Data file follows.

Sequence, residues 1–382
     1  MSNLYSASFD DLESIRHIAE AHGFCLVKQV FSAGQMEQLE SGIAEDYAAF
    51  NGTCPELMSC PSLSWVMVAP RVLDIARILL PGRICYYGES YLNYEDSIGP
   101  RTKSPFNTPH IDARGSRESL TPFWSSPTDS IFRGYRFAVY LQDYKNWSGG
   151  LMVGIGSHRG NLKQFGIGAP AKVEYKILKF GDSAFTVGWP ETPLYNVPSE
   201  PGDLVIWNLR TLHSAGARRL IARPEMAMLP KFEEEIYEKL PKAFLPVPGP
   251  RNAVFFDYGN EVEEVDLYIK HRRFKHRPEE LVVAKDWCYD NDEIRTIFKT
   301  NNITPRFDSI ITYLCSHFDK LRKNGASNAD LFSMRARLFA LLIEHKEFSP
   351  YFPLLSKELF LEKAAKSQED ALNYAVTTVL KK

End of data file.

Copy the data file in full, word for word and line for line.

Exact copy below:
Sequence, residues 1–382
     1  MSNLYSASFD DLESIRHIAE AHGFCLVKQV FSAGQMEQLE SGIAEDYAAF
    51  NGTCPELMSC PSLSWVMVAP RVLDIARILL PGRICYYGES YLNYEDSIGP
   101  RTKSPFNTPH IDARGSRESL TPFWSSPTDS IFRGYRFAVY LQDYKNWSGG
   151  LMVGIGSHRG NLKQFGIGAP AKVEYKILKF GDSAFTVGWP ETPLYNVPSE
   201  PGDLVIWNLR TLHSAGARRL IARPEMAMLP KFEEEIYEKL PKAFLPVPGP
   251  RNAVFFDYGN EVEEVDLYIK HRRFKHRPEE LVVAKDWCYD NDEIRTIFKT
   301  NNITPRFDSI ITYLCSHFDK LRKNGASNAD LFSMRARLFA LLIEHKEFSP
   351  YFPLLSKELF LEKAAKSQED ALNYAVTTVL KK